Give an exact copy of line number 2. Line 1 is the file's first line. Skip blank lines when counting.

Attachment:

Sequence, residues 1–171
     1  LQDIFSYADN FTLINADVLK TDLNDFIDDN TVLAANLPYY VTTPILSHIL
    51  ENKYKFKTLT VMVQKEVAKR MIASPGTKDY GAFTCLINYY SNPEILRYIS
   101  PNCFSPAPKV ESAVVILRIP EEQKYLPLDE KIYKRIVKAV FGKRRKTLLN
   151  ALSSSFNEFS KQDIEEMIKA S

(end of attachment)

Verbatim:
     1  LQDIFSYADN FTLINADVLK TDLNDFIDDN TVLAANLPYY VTTPILSHIL